What we often see today is people going with the herd, falling into groupthink and never thinking for themselves. Even groups that profess to go against the mainstream (like the “goths” or hipsters for example) usually just reproduce the trappings of a mindless herd, with their own uniforms and ideology.
This type of herd mentality is due to our own evolutionary backgrounds. If you observe the way herds of animals behave in the wild, you will see how this works and why it is often beneficial for the individual not to stray away from everyone else.
There is safety and power in numbers and the lone individuals that get separated from their herd often don’t make it on their own, either falling prey to larger predators or because they are not able to get to the resources that they need to survive.
As humans in modern societies, we don’t face many of these dangers anymore. However many people still have the old herd mentality deeply ingrained in them. So how do we succeed in today’s world? Is it better to separate from the pack and strike out on your own or is it better to follow the herd?
I have been thinking about these issues for a while now. A recent post on Ludvig Sunstrom’s blog “Start Gaining Momentum” on contrarian thinking has inspired me to write down my own thoughts on the topic.
In Ludvig’s definition, a contrarian is someone who goes against the mainstream:
“Being a contrarian means doing and thinking in unconventional ways.“
I have always been a contrarian. I have never followed the herd and have always tried to act and think in a way that is independent of what the common groupthink consensus is. I have been aided in this by my unique background and my thirst for knowledge and self-improvement. This is reflected in my blog and my quest to become a Renaissance Man.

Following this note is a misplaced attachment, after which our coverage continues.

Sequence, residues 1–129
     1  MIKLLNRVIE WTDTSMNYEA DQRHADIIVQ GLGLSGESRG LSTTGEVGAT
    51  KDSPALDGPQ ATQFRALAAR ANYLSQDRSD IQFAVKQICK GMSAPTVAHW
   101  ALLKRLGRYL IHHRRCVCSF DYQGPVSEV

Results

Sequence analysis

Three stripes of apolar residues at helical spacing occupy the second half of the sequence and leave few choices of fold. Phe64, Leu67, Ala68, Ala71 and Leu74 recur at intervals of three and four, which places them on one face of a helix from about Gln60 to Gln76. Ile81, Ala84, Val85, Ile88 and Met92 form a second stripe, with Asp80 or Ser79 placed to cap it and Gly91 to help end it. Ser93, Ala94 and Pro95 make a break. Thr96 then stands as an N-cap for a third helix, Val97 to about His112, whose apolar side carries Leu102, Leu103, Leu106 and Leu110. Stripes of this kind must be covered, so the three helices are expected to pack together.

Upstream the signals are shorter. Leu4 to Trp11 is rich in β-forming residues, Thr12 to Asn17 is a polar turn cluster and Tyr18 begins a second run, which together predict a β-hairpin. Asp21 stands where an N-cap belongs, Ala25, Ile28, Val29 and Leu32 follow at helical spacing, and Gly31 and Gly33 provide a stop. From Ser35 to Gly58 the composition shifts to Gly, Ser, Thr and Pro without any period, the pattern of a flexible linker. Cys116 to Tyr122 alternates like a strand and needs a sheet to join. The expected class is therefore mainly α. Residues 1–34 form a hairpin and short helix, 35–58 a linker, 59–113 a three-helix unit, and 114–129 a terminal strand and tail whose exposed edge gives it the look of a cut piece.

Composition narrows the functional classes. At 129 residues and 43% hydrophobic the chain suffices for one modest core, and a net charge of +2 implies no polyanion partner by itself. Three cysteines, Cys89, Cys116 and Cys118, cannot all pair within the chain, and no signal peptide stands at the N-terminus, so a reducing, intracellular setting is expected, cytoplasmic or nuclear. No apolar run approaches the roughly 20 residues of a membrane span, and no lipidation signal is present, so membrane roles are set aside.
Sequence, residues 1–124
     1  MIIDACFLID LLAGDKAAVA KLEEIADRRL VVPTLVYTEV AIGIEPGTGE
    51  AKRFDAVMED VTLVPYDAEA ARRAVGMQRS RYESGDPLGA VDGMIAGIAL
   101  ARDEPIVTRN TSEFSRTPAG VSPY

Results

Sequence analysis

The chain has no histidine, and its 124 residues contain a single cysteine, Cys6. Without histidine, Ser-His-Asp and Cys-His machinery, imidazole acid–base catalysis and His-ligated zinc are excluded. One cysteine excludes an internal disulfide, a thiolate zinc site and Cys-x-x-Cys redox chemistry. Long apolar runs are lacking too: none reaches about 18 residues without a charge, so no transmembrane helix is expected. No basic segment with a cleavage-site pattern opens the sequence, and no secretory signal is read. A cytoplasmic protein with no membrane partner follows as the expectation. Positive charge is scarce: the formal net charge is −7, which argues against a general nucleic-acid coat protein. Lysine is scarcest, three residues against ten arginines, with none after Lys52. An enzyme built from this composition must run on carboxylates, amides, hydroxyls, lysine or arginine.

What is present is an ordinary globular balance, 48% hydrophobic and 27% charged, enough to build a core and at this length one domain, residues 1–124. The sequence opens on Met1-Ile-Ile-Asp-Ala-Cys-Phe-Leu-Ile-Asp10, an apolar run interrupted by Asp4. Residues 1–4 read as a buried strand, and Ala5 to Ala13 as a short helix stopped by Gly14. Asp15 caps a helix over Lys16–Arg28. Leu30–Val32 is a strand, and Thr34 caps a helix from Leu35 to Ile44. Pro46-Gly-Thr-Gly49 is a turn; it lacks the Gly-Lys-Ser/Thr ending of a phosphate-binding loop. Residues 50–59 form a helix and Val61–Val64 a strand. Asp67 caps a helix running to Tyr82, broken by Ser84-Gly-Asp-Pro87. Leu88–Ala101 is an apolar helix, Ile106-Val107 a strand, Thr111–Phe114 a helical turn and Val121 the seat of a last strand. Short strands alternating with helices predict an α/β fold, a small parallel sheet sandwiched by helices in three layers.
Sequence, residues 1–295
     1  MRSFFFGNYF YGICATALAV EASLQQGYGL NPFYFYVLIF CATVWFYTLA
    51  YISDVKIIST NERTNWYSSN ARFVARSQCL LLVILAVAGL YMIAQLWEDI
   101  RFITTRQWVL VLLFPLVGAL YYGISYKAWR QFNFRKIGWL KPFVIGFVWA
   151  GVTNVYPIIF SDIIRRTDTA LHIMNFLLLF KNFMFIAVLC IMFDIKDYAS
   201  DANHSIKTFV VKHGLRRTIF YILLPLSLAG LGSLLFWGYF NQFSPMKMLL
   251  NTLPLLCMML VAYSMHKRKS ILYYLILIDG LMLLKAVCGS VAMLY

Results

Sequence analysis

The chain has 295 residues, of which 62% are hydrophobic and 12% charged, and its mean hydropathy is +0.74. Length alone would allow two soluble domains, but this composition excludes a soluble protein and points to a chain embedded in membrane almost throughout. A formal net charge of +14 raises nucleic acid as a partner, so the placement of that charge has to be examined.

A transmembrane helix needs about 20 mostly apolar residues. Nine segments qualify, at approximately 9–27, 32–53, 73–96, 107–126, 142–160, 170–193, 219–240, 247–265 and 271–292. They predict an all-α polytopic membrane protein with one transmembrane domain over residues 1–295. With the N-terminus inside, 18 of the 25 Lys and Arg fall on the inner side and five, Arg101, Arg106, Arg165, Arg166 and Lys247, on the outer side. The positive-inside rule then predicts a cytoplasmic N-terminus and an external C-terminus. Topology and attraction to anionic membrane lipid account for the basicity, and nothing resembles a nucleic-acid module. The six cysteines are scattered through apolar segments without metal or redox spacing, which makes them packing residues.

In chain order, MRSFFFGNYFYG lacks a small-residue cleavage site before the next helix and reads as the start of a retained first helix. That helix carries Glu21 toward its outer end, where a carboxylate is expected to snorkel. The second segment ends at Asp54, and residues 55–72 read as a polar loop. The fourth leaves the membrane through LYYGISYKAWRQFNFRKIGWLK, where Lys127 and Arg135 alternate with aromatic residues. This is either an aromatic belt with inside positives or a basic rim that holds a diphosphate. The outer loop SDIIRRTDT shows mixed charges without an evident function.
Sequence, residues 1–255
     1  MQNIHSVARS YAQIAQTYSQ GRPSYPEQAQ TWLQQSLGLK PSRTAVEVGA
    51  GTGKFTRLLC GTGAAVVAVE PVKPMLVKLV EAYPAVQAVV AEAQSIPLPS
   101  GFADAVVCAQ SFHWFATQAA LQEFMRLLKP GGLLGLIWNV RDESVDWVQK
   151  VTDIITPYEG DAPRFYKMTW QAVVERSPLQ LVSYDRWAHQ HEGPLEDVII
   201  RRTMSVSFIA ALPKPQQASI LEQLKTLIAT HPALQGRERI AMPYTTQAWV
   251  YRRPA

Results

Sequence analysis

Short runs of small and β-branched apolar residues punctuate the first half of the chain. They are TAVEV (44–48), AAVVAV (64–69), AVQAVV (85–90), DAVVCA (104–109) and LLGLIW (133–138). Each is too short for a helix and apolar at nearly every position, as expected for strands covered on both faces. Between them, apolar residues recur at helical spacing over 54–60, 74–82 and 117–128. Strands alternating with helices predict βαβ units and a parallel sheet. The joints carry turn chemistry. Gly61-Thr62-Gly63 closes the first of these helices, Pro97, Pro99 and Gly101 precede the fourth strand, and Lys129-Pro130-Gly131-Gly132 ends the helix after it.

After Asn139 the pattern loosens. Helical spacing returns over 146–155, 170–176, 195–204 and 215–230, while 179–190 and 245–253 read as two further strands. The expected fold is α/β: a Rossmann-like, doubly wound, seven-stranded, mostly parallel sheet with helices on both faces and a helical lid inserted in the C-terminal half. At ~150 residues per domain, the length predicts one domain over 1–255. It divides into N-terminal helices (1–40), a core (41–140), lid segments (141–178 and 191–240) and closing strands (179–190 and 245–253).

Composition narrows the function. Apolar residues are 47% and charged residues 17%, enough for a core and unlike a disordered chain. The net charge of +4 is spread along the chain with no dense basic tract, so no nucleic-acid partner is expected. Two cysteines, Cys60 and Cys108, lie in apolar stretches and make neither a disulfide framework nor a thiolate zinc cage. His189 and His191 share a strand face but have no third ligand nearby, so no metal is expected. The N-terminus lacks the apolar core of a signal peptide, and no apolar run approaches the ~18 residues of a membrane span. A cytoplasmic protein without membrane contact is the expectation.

However one thing has always bothered me. Is this the correct path to success?
First off, being a contrarian does not mean being a conspiracy crackpot. Those are not contrarians. A contrarian should always follow the principles of rational thought and be aware of his biases. A contrarian is a critical thinker.
As investor Ben Graham stated:
“You are neither right nor wrong because the crowd disagrees with you. You are right because your data and reasoning are right.”
Contrarians are people who are keen observers of the world, who try to figure out how it works and often go down to first principles or lateral thinking. They are the rational innovators and bringers of progress. They are the Steve Jobs or Elon Musks of this world.
However we cannot fall to survivor bias when looking at the best strategy to adopt. Here we are talking about what path for success an individual should adopt. Should he go with the herd or go against it? Which way is more likely to bring him success?
For you see, for every Henry Ford or Bill Gates, there are countless people who did not succeed, people whose names are forgotten and will never be remembered. They too were contrarians, but their path did not lead them to success.
On the other hand, you see mindless fools rake in millions. The most popular shows are garbage like “Idol” or “Big Brother”, and the websites that have the most views are clickbait.
As someone wise once said:
“People don’t want to be educated, they want to be entertained.“